- A 38-year-old woman who presented to the emergency department with urosepsis was found to have a 2.5 cm × 1.6 cm left anterior urethral diverticulum at the proximal urethra; the entire diverticulum was cephalad to the level of the pubic bone
- The text of this case report and an accompanying video describe a robotic-assisted retropubic approach to transabdominal laparoscopic excision of the diverticulum
- The principal advantages of the technique were excellent direct visualization, minimal need for dissection along the urethra, avoidance of the external sphincter and ability to cover the repair with a thick layer of omentum
- The patient's postoperative course was uneventful and she had no recurrent lower urinary tract symptoms
- The technique is feasible when a retropubic approach may improve access or as an adjunct to the standard vaginal approach for any female urethral diverticulum with a component that is both dorsal and proximal
Urethral diverticula (UD) in women are rare outpouchings of the urethral lumen into surrounding connective tissue. Most are located on the ventrolateral, mid to distal urethra, where the periurethral glands dominate. Far less commonly, the UD is proximal and dorsal (anterior); this is more difficult to repair because of the need to access the side of the urethra opposite the vaginal lumen, abutting the external urethral sphincter.
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Sarah Mozafarpour, MD, clinical fellow in surgery in the Department of Urology at Massachusetts General Hospital, Mass General Urologist Elise J.B. De, MD, and colleagues recently described a robotic-assisted retropubic approach to transabdominal laparoscopy in a 38-year-old woman with a large, dorsal, very proximally located UD. Their report appears in the International Urogynecology Journal.
History and Physical Examination
The patient initially presented to the emergency department with urosepsis. She reported a six-month history of lower urinary tract symptoms, recurrent urinary tract infection, gross hematuria and dull abdominal pain. A computerized tomography scan revealed a UD with a 7-mm stone in the posterior left lateral aspect. The patient was discharged on antibiotics and referred to outpatient urology.
Physical examination in the clinic revealed a subtly cystic proximal urethra. Urodynamic testing demonstrated bladder outlet obstruction referable to the diverticulum. Magnetic resonance imaging (MRI) confirmed a large (2.5 cm × 1.6 cm) crescent-shaped left anterior UD at the proximal urethra. The entirety of the diverticulum was cephalad to the level of the pubic bone, and the urethra appeared elongated with an elevated bladder neck.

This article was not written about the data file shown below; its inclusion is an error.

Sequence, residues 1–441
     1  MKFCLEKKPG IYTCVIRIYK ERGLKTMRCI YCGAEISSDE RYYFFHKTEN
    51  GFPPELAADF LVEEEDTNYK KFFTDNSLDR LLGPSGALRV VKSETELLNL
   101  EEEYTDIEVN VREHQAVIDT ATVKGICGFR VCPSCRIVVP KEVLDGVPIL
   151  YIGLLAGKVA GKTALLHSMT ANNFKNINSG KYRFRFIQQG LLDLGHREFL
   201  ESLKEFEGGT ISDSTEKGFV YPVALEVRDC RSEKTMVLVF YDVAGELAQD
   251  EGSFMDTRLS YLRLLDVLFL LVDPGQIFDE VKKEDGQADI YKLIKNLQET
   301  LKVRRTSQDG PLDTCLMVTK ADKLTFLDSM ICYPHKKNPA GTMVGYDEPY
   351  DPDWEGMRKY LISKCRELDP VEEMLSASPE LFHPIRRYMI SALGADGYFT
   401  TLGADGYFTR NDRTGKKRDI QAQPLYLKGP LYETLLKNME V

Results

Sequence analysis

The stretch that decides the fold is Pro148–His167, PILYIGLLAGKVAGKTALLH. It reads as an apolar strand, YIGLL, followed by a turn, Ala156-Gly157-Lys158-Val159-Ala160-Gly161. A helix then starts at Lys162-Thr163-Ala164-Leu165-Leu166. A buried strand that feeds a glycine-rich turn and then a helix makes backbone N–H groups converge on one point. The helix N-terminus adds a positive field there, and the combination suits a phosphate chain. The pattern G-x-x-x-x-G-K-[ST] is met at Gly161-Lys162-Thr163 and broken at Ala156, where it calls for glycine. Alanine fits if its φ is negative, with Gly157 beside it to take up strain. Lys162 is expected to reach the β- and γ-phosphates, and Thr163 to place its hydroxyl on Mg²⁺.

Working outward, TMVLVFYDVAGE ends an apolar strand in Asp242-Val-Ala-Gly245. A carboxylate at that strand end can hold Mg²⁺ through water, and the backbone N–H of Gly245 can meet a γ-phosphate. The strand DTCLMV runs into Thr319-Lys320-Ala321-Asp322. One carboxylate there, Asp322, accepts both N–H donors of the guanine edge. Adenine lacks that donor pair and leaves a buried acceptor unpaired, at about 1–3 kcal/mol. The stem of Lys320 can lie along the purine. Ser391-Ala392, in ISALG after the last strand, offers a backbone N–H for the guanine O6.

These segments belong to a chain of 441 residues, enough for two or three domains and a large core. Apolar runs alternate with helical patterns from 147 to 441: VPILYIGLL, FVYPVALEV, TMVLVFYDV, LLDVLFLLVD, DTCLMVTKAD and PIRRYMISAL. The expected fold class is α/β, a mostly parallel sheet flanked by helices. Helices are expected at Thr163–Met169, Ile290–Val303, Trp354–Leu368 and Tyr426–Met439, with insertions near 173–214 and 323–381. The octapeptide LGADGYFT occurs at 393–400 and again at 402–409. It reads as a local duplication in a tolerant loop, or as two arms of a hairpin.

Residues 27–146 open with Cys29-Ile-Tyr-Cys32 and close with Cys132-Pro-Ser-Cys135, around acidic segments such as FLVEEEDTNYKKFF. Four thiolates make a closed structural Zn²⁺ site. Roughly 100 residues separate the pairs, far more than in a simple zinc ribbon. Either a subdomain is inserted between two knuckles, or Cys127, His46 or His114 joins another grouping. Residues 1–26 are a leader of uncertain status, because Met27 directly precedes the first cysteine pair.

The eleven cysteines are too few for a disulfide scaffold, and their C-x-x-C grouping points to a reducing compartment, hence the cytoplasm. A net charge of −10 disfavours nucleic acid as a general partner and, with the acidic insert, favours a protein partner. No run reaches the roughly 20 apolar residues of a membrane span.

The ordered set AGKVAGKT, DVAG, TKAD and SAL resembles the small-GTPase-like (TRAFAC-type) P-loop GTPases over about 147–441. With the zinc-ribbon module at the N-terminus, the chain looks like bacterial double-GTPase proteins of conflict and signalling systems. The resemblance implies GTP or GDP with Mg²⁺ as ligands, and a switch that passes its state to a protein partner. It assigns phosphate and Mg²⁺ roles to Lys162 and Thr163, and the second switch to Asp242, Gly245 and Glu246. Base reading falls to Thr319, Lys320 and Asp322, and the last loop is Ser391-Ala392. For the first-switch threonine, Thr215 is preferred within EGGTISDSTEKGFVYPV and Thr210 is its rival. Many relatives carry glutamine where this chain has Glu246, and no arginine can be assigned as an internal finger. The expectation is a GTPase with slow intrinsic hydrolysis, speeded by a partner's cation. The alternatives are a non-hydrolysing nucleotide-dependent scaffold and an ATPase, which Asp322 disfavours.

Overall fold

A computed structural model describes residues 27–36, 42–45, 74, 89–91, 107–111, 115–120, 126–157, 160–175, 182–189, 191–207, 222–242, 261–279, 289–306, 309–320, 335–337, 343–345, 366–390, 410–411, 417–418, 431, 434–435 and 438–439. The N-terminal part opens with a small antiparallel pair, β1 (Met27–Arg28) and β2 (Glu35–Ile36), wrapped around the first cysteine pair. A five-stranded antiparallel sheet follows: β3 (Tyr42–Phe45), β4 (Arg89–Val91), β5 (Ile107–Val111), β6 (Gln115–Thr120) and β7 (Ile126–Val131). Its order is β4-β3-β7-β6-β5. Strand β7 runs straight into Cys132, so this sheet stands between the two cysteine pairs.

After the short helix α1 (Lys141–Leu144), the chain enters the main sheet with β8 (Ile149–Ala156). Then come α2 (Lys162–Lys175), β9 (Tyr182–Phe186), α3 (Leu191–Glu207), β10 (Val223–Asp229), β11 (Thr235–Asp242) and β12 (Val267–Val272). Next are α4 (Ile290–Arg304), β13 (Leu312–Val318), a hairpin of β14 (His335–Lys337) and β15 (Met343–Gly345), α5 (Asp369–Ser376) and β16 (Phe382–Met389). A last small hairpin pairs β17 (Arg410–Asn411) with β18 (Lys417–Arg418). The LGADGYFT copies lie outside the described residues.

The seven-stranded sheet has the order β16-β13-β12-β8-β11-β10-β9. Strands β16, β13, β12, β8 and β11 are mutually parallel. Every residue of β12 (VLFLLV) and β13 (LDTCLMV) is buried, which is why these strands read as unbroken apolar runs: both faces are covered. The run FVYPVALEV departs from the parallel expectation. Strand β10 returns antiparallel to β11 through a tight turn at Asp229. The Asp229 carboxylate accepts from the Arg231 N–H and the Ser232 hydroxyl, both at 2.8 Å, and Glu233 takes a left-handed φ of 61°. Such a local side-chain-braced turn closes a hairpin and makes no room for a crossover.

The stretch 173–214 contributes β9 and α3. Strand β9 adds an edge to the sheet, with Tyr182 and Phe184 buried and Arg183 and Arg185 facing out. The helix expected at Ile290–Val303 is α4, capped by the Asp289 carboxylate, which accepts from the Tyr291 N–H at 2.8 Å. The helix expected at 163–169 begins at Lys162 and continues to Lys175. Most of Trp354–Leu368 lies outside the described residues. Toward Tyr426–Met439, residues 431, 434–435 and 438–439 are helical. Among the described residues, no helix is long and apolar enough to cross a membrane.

Standard vaginal dissection was deemed feasible, but a robotic-assisted retropubic approach was chosen to facilitate complete excision of the diverticulum and minimize the potential for urethral and external urethral sphincter compromise.
During the office visit, the patient fainted after catheter placement for urodynamics, so cystoscopy was performed in the operating room. It revealed the diverticular ostium to be at the left ventrolateral aspect of the proximal urethra.
The robotic approach to urethral diverticulectomy is described in the article, and an accompanying video gives detailed instruction. The principal advantages of the approach were:
- Excellent direct visualization for identifying the diverticular neck
- Minimal need for dissection along the urethra and avoidance of the external sphincter to minimize the risks of fistula formation and recurrent urinary incontinence, respectively
- It was possible to cover the repair with a thick layer of omentum
- The procedure was technically straightforward and was accomplished in 3:27 hours with an estimated blood loss of 50 cc. Vaginal counter-incision was unnecessary
The patient recovered uneventfully without recurrence of lower urinary tract symptoms. Voiding cystourethrogram on postoperative day 13 revealed a well-healed repair without extravasation. There was no pathologic evidence of malignancy.
Though challenging, a dorsal UD is typically repaired vaginally. The technique described here is feasible when a retropubic approach may improve access. It and other laparoscopic applications may also be considered as an adjunct to the standard vaginal approach for any UD with a component that is both dorsal and proximal.
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